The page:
n/a

$100

50

33.33

25

20

16.67

14.29

0

Average fixed cost (AFC)is fixed cost divided by the quantity of output:

AFC = FC/Q

Q

FC

AFC

0

$100

1

100

2

100

3

100

Notice that AFC falls as Q rises: The firm is spreading its fixed costs over a larger and larger number of units.

4

100

5

100

6

100

7

100

THE COSTS OF PRODUCTION


Example 2 average variable cost
EXAMPLE 2: Average Variable Cost

n/a

$70

60

53.33

52.50

56.00

63.33

74.29

0

Average variable cost (AVC)is variable cost divided by the quantity of output:

AVC = VC/Q

Q

VC

AVC

0

$0

1

70

2

120

3

160

As Q rises, AVC may fall initially. In most cases, AVC will eventually rise as output rises.

4

210

5

280

6

380

7

520

THE COSTS OF PRODUCTION


Example 2 average total cost
EXAMPLE 2: Average Total Cost

AFC

AVC

n/a

n/a

n/a

$170

$100

$70

110

50

60

86.67

33.33

53.33

77.50

25

52.50

76

20

56.00

80

16.67

63.33

88.57

14.29

74.29

0

Average total cost (ATC) equals total cost divided by the quantity of output:

ATC = TC/Q

Q

TC

ATC

0

$100

1

170

2

220

3

260

Also,

ATC = AFC + AVC

4

310

5

380

6

480

7

620

THE COSTS OF PRODUCTION


Example 2 average total cost1
EXAMPLE 2: Average Total Cost

$200

$175

$150

$125

Costs

$100

$75

$50

$25

$0

0

1

2

3

4

5

6

7

Q

0

Q

TC

ATC

Usually, as in this example, the ATC curve is U-shaped.

0

$100

n/a

1

170

$170

2

220

110

3

260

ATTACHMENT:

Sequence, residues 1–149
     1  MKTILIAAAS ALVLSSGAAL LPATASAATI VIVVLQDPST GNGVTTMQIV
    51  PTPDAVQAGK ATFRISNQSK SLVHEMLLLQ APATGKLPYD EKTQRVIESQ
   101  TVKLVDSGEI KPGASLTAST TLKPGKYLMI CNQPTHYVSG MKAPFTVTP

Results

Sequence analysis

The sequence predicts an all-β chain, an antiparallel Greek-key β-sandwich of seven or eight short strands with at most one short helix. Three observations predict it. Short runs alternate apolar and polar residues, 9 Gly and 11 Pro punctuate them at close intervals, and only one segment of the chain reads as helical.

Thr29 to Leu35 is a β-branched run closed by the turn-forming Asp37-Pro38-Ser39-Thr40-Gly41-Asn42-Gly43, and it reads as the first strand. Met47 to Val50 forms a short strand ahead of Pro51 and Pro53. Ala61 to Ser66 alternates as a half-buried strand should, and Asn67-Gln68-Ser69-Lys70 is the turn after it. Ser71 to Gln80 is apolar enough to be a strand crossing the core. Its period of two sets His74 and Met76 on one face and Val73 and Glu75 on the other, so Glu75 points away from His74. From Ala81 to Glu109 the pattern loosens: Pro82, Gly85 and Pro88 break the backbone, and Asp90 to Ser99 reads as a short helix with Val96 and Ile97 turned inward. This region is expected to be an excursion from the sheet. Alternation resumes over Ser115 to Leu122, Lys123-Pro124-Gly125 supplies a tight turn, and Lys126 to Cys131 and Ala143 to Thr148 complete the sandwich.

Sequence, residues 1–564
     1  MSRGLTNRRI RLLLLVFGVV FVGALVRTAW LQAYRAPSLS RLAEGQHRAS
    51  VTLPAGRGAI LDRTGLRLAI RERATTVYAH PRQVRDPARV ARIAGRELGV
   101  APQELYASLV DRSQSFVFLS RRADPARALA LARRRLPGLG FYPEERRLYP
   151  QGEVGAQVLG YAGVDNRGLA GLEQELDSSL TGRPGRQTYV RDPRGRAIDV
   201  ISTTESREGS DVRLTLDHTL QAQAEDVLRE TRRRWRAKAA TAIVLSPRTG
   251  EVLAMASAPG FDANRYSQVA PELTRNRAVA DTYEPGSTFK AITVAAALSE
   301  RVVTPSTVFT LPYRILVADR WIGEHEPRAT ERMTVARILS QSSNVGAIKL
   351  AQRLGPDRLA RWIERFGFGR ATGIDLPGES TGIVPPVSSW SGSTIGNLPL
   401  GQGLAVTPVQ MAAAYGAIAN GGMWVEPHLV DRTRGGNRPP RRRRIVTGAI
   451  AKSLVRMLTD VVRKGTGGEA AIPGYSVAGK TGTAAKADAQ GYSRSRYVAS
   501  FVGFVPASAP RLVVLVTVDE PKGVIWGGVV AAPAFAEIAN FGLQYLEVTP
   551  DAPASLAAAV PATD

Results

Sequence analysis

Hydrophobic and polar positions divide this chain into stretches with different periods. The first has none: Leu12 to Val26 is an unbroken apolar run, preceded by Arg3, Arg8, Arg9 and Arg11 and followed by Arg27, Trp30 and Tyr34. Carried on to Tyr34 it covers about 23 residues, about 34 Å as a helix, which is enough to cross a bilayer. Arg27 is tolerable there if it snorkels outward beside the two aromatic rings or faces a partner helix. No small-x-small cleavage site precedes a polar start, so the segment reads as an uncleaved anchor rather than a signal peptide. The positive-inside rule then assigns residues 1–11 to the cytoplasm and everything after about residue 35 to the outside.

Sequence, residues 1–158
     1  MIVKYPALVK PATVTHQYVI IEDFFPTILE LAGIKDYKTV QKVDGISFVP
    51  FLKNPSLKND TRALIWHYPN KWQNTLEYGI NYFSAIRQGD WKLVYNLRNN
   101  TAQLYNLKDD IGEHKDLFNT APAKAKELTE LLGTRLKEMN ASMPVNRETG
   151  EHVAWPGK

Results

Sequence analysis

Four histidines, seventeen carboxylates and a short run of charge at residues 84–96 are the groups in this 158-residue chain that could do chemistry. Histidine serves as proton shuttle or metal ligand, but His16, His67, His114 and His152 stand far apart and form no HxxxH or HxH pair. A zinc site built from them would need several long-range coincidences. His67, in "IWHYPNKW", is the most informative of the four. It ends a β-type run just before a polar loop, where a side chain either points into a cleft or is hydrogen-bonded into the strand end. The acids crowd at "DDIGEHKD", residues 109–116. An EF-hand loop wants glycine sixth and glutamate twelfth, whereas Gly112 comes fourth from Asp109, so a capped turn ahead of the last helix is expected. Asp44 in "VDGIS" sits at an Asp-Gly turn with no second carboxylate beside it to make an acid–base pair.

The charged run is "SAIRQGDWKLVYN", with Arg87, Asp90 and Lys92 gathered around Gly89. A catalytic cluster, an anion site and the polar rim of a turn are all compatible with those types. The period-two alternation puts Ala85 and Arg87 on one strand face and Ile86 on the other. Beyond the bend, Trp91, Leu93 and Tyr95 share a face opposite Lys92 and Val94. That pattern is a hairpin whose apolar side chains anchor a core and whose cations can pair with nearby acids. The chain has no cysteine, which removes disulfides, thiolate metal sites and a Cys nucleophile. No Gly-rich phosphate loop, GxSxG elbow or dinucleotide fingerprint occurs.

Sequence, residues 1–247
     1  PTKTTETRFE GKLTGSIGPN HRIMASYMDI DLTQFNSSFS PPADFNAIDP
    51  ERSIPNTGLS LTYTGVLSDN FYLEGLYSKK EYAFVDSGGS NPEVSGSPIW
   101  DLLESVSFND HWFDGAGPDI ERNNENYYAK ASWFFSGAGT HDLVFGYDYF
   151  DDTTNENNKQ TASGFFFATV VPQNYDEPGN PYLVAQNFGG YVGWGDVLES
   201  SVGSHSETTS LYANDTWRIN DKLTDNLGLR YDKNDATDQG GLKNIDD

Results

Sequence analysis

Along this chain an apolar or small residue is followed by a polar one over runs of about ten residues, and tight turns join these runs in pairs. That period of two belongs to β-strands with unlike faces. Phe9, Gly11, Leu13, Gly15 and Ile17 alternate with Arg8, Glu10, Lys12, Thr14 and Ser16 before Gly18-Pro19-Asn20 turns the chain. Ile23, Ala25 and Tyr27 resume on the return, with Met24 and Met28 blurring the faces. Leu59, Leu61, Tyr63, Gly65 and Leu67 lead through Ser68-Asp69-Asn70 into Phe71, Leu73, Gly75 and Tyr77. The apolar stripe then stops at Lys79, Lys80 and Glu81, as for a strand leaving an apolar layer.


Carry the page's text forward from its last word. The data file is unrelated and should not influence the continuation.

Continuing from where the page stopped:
86.67

4

310

77.50

5

380

76

6

480

80

7

620

88.57

THE COSTS OF PRODUCTION


Example 2 the various cost curves together
EXAMPLE 2:The Various Cost Curves Together

$200

$175

$150

AFC

$125

AVC

Costs

$100

ATC

$75

MC

$50

$25

$0

0

1

2

3

4

5

6

7

Q

0

THE COSTS OF PRODUCTION


A c t i v e l e a r n i n g 3 calculating costs
A C T I V E L E A R N I N G 3Calculating costs

Fill in the blank spaces of this table.

Q

VC

TC

AFC

AVC

ATC

MC

0

$50

n/a

n/a

n/a

$10

1

10

$10

$60.00

2

30

80

30

3

16.67

20

36.67

4

100

150

12.50

37.50

5

150

30

60

6

210

260

8.33

35

43.33

32


A c t i v e l e a r n i n g 3 answers
A C T I V E L E A R N I N G 3Answers

Use AFC = FC/Q

Use ATC = TC/Q

Use relationship between MC and TC

Use AVC = VC/Q

First, deduce FC = $50 and use FC + VC = TC.

Q

VC

TC

AFC

AVC

ATC

MC

0

$0

$50

n/a

n/a

n/a

$10

1

10

60

$50.00

$10

$60.00

20

2

30

80

25.00

15

40.00

30

3

60

110